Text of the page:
Secondly, what if causing offence turns out on a longer term basis to have a positive impact on individuals, groups and wider society? I can think of many examples of where this has been the case, from minorities in decades past standing up against the racism practised by the societies around them, to the many people undergoing radical and positive world view changes due to being exposed to views considered by many in society as unpopular. The point here is that what is considered ‘unacceptable’ in one point in time, might not be considered as such later on (this is not to say that some of the things we find offensive today are not.) This brings into question who decides what is and what isn’t offensive. Whilst difficulty in answering this question shouldn’t mean that the notion of offence should be thrown out altogether,  the sheer fluidity of what is and what isn’t offensive, to whom it is offensive and the time sensitive nature of offence should prevent us from sanctioning against expression on such grounds.

Thirdly, and returning to what was said at the beginning of the article, denying freedom of expression on the grounds of offence is not just an restriction on expression as a concept in itself, but also on the ability of those deemed to have offensive views to exercise a vital component of their humanity. That is, preventing people from expressing what they believe to be vital not only to their own existence but also others is a very great offence indeed.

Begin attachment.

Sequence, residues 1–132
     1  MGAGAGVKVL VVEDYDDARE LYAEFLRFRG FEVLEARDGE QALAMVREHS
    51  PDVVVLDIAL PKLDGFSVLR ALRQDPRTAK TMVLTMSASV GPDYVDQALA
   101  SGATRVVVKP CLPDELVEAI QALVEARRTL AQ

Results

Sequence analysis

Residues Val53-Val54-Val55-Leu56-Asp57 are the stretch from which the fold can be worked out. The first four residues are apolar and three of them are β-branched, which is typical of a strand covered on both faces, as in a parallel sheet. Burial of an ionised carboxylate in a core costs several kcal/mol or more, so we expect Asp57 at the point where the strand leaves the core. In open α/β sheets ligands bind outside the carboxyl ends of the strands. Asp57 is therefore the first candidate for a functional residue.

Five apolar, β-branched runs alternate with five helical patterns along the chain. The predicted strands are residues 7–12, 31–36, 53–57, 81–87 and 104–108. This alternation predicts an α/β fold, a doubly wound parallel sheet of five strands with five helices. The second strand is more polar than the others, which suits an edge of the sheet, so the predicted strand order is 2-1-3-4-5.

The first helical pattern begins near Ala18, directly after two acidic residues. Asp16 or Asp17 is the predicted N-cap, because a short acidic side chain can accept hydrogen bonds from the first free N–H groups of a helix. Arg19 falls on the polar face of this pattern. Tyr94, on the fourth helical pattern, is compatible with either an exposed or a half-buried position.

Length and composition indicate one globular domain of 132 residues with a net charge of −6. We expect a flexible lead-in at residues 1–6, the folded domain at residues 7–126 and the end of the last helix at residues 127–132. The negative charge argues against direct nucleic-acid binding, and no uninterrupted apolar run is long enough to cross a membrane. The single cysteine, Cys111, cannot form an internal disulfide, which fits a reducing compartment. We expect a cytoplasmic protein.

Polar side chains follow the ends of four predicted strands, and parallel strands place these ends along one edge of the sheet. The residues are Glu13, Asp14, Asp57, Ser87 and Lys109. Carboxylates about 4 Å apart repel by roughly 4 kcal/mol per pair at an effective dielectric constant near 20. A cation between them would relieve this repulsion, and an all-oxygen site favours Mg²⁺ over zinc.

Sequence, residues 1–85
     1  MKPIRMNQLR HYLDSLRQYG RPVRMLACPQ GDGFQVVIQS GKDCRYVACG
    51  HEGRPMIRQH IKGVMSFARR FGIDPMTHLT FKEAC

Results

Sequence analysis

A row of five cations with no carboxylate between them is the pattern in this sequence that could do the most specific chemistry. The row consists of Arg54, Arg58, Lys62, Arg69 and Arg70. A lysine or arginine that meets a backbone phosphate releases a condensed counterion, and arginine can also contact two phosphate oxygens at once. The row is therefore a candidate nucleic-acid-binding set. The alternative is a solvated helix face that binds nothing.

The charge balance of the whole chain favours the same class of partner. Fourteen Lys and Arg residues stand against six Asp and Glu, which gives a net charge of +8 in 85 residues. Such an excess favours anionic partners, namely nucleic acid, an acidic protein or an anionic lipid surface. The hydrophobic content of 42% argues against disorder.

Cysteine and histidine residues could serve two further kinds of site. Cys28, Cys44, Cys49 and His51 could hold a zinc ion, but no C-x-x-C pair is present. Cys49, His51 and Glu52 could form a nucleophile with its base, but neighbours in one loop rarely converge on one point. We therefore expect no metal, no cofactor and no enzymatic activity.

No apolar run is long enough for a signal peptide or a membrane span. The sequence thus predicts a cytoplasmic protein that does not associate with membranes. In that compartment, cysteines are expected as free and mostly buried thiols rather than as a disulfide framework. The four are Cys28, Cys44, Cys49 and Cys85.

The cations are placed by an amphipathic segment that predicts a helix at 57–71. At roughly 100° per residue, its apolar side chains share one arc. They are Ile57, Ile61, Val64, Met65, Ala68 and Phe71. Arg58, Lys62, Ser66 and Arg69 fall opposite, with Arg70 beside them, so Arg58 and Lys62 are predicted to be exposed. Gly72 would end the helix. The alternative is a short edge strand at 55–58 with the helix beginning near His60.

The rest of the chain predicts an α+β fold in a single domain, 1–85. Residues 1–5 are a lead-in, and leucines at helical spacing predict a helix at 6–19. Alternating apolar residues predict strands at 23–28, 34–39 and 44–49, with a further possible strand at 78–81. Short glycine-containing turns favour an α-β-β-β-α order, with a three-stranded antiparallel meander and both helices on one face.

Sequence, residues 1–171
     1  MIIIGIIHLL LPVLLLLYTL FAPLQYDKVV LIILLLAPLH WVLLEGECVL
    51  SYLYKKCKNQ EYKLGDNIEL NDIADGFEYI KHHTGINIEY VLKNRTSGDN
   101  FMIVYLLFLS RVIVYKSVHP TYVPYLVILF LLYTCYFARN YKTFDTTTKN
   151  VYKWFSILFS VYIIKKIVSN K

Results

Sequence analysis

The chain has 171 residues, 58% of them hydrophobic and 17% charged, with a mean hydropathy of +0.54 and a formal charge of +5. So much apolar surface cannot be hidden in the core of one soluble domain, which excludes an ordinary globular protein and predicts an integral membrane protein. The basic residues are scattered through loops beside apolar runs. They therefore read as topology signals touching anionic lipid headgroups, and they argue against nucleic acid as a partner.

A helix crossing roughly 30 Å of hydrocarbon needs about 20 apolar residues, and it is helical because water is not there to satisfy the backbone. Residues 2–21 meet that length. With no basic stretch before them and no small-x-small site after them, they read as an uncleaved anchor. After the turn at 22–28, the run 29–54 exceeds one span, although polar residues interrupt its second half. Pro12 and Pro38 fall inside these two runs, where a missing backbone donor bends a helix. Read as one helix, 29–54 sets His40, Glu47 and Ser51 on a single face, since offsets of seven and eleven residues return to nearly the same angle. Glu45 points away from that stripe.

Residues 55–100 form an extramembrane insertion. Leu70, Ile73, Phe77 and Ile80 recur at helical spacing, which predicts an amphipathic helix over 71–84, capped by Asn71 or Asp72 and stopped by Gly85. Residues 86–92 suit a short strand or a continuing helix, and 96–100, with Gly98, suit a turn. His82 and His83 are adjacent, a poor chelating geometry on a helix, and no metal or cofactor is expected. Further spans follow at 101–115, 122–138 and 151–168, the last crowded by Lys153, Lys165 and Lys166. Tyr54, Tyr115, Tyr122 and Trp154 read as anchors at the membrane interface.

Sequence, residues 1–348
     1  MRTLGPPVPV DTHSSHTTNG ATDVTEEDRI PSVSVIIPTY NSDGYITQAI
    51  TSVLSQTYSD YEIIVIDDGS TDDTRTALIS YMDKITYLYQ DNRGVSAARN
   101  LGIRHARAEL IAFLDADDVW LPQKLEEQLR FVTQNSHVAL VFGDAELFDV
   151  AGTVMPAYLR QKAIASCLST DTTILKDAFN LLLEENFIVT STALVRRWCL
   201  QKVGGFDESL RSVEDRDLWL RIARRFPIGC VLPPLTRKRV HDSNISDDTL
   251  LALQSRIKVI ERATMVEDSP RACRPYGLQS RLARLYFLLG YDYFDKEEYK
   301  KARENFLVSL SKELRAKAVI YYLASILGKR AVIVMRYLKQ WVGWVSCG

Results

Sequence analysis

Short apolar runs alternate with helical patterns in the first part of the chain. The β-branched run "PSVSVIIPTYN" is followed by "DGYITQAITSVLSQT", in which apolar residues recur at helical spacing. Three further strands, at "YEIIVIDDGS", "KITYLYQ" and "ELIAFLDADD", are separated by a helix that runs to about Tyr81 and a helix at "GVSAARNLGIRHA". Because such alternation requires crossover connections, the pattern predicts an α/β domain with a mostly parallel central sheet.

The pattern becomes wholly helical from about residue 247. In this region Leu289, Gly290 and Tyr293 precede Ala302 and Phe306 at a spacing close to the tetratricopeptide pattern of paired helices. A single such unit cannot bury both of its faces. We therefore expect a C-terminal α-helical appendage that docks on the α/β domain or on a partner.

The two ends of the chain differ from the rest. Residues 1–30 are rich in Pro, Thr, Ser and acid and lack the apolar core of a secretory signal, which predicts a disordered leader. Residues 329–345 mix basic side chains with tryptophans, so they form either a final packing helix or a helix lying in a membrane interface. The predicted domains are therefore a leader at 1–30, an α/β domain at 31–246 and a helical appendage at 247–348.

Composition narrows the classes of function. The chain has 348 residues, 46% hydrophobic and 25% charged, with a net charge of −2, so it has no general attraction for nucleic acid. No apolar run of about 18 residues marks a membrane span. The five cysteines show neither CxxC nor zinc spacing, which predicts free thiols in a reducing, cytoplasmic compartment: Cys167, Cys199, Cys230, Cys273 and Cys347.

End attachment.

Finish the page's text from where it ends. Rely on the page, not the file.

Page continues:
Concluding remarks

So in summing up, whilst we must be aware of the fact that in exercising freedom of expression we can limit another’s ability to do the same, it is imperative that we promote a system in which everyone in society, including religious, ethnic, sexual and socio-economic minorities can freely express themselves without sanction. Whilst doing so might cause offence to others, this risk is not grounds for limiting such expression. Thus, we must find ways in which offence can be turned into something positive, whether it be through debate, social participation or the means to respond through legitimate channels. One is not naïve however, and whilst it is unfortunate that offence could have profound negative impact some people’s agency to express themselves, this is by no means a reason to impose from on high an framework of what is and what isn’t acceptable and apply sanctions. Thus, we in the UK are in comparison to other nations are blessed in terms of the freedoms we have; there is a valid argument to be made that the direction of travel is moving the wrong way. Therefore, we must be vigilant in upholding and protecting this most principal right.

My top articles from January 2014 – Part 3

man thinkingHere’s the third and final part of my top articles from January 2014.  Themes covered include, young people and the church, freedom of speech and expression, economics of the family, jobs and tax. Thanks for reading!

  1. How is God working in the World? Understanding Miracles and Providence by Justin Holcomb – The Gospel Coalition
  2. On the importance of the right to offend by Kenan Malik – Pandaemonium
  3. ‘Nuisance and annoyance’ injunctions abandoned after Lords defeat by Alan Travis – The Guardian
  4. Where is Unemployment the highest (infographic)? By International Labour Organisation – International Labour Organisation
  5. Petition to deselect LibDem candidate Maajid Nawaz for tweeting Jesus and Mo cartoon by Archbishop Cranmer – Archbishop Cranmer Blog
  6. The heavy price adults have to pay for independence by Donald Hirsch – Donald Hirsch blog
  7. Economists: Your parents are more important than ever by Derek Thompson – The Atlantic
  8. 3 common traits of youth who don’t leave the church by Jon Nielson – Church Leaders